The Story About Mental Illness We Need the Media to Tell
Savagery is murdering innocent men and women, and that is what happened in Orlando. I am not American, but the killings impact me. My heart breaks for the families who lost a loved one that day and for the countless victims whose lives are scarred by the terror attack.
The attack also impacts me as a person who lives with a mental illness. When you receive a diagnosis, it can be both liberating and stigmatizing. A diagnosis can guide you to treatments that change your life, but it also is like a badge you wear. And for some people, the badge of mental illness creates judgment and fear.
Recently, Psych Central reviewed research conducted by the Johns Hopkins Bloomberg School of Health. The study reviewed news articles about mental health over a 20-year-period. They found nearly 40 percent of all news stories about mental illness report a person with mental illness committing violence towards other people. This translates into a belief that many people with mental illness are violent or potentially violent.
The reality is that most people who live with mental illnesses just want to get better and live their lives. They want to raise families and be at peace, but sometimes they can’t because of the war in their heads and in their emotions.
And they have to fight the stigma that believes if you have a mental illness, you are a killer. Initial reports stated that the Orlando attack was motivated by radicalization. Reports are beginning to cite his apparent mental illness here and here. What seems apparent is that there is no one cause. A key aspect was that the attack is against the LGBTQ community and his own feelings of stigma and hate were a motivating factor. The killer had mixed motives for his act and the coming weeks will likely involve an intense investigation, looking for his central motivations.
If he had a mental illness, it is doubtful that one factor would have motivated him to attack the nightclub. For most people who have a mental illness, their illness is internalizing (causing them to ruminate and look inwards too much) rather than externalizing (causing them to look outside and blame others). An imbalance does not equate to murder. My hope is that the conversations about mental illness can have more compassion. People with mental illness are not imbalanced and ready to explode.
“Most people with mental illness are not violent toward others and most violence is not caused by mental illness, but you would never know that by looking at media coverage of incidents” — Emma McGinty, PhD
The findings of the Johns Hopkins Bloomberg research showed that:
- The most frequent topic in the articles was violence, in 55% of the articles.
- 38 percent mentioned violence occurring against others
- 29 percent linked mental illness with suicide
- 47 percent of the articles mentioned treatment
- 14 percent of the time the treatment was successful and recovery occurred.
Stories of individuals and families getting the help they needed unfortunately rarely make the news. “Stories about successful treatment have the potential to decrease stigma and provide a counter-image to depictions of violence, but there are not that many of these types of narratives depicted in the news media,” Dr. McGinty said in the PsychCentral piece.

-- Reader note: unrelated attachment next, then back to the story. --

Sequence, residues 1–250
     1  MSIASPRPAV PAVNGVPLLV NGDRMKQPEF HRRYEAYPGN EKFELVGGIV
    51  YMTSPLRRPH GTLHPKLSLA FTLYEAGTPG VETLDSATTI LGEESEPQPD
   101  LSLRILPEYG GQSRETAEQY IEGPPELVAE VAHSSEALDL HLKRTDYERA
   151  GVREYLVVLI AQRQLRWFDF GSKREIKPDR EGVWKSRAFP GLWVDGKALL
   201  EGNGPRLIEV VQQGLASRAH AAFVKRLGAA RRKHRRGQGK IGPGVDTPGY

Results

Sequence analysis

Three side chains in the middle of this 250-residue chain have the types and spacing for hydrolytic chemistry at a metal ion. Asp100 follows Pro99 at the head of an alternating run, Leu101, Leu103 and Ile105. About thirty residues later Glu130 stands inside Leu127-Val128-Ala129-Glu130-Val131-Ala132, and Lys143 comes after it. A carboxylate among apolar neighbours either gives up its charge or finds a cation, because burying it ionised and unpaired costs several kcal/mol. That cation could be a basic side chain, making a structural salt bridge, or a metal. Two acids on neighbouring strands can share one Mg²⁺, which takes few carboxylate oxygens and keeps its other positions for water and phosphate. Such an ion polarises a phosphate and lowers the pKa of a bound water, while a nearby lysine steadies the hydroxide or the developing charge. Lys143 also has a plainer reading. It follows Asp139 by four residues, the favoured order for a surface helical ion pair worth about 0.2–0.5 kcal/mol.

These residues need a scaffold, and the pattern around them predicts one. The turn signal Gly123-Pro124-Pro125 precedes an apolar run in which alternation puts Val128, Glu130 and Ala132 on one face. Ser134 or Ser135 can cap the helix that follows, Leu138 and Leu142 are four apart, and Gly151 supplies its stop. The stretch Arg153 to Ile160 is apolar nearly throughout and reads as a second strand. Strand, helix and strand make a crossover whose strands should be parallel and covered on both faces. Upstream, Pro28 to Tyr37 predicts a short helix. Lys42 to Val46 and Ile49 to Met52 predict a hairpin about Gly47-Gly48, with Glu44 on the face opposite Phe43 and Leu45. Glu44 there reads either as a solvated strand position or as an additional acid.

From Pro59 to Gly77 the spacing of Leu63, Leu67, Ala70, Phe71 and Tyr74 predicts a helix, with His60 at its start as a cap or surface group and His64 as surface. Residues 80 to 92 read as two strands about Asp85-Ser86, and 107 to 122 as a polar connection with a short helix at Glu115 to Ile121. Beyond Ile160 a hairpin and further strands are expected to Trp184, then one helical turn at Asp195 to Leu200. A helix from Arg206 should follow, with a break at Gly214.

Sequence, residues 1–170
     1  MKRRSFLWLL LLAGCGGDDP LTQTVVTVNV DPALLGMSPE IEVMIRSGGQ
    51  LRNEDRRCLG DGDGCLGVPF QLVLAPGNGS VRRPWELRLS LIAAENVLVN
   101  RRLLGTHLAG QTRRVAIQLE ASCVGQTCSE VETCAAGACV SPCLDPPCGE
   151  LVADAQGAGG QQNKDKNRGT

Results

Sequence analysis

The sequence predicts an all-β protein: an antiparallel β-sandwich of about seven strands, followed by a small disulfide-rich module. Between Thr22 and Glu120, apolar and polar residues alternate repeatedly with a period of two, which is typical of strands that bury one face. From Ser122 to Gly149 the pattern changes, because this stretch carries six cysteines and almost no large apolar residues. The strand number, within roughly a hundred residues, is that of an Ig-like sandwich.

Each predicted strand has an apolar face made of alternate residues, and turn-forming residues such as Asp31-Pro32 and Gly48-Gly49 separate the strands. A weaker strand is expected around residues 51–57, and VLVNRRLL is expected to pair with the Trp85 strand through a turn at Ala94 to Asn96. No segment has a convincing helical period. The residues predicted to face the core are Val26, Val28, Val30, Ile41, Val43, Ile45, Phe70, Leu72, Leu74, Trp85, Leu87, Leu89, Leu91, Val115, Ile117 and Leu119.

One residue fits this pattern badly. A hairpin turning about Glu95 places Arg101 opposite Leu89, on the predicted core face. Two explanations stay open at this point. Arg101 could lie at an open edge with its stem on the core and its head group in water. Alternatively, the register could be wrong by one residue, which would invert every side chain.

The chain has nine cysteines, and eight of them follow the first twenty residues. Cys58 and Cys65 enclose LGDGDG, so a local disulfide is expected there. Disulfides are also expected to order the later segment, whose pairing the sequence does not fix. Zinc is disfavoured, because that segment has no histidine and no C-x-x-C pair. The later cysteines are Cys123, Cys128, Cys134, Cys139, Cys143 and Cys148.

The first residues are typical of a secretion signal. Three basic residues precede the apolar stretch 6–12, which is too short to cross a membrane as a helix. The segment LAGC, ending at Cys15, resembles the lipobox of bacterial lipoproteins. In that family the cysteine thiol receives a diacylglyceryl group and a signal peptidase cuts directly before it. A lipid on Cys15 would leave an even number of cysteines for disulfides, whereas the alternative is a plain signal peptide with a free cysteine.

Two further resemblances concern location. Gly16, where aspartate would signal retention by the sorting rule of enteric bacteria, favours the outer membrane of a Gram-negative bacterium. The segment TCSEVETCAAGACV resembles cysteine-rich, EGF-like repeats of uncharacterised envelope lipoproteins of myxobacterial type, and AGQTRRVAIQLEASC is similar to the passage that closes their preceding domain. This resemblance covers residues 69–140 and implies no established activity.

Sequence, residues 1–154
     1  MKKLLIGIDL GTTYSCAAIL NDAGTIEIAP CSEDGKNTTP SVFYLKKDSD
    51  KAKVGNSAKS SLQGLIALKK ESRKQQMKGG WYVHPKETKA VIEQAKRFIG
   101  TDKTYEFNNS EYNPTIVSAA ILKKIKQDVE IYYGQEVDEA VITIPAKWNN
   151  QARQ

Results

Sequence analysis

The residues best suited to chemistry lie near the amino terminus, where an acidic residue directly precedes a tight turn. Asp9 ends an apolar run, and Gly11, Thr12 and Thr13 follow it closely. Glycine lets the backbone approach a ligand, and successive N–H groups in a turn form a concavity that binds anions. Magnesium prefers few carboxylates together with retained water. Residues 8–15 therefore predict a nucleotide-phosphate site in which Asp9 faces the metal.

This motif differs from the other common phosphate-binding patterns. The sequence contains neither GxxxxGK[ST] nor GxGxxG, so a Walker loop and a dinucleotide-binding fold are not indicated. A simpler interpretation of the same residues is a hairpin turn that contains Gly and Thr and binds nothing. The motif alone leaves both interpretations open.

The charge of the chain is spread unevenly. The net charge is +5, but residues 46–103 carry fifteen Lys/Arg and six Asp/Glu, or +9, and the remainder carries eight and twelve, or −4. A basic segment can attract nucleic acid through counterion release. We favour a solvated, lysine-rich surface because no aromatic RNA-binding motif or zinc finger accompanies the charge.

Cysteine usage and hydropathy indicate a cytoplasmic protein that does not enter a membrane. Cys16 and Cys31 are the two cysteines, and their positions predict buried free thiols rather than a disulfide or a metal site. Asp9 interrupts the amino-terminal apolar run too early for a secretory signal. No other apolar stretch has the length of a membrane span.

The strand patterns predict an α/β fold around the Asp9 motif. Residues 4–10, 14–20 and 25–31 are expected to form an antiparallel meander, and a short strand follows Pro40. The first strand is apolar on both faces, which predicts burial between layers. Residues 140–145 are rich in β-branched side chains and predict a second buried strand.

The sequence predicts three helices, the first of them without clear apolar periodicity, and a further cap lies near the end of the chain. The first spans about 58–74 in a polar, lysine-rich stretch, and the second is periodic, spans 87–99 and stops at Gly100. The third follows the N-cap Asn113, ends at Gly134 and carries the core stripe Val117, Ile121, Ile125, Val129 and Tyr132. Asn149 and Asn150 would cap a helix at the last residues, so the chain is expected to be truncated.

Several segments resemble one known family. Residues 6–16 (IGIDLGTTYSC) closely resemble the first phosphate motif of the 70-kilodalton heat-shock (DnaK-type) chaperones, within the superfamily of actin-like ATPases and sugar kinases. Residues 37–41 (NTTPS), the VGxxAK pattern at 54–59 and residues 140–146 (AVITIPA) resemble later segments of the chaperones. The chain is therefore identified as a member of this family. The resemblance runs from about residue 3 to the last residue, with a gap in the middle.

My point is mass terror attacks or mass murders are rarely motivated purely because of a mental illness. In reality, mental illness is rarely the reason for violence. The media’s search for reasons will inevitably find some mental illness because, for many of us, we will experience a mental illness in our lifetime.
But it won’t make you violent. A mental illness is not a violence-virus. It is a condition you live with, cope with and strive to overcome. It rarely leads to violence.
“Anyone who kills people is not mentally healthy. We can all agree on that,” McGinty says. “But it’s not necessarily true that they have a diagnosable illness. They may have anger or emotional issues, which can be clinically separate from a diagnosis of mental illness.”
According to Canadian Mental Health, 20 percent of Canadians will experience a mental illness in our lifetime. Does that mean that 20 percent of the population is ready to blow? Not at all. In fact, statistically, alcohol is a more likely culprit than mental illness. Alcohol is at least partially to blame for:
- 86 percent of homicides
- 75 percent of spousal violence
- 66 percent of violence by intimates (family, boyfriend/girlfriend)
- 60 percent of sexual offenses
- 37 percent of assaults
- 31 percent of stranger violence
- 13 percent of child abuse
Of course, I don’t know whether the shooter was drunk or high. My point is most individuals who murder have mixed motives and if we look hard enough, we may be able to find mental illness in there somewhere. But that doesn’t mean it’s the cause. For certain he was imbalanced, full of hate, apparently radicalized and committed to violence.
The real story here is that 49 people are dead and 53 are living through searing pain and tragedy. We know that statistically, many of these individuals were, and are, living with mental illness. And their stories are stories of treatment, relationships and overcoming layer after layer of stigma. For those who had experienced some form of mental illness, it led not to violence but to dancing, connection and a desire to enjoy themselves.
I hope that in coming months, we hear the stories of the survivors. How they cope, recover, and triumph — that is the real story that needs to be told.
Keep it Real.
This post was previously published on The Good Men Project.
The Mighty is asking the following: Tell us a story about a time you encountered a commonly held misconception about your disability, disease, or mental illness. How did you react, and what do you want to tell people who hold this misconception? Check out our Submit a Story page for more about our submission guidelines.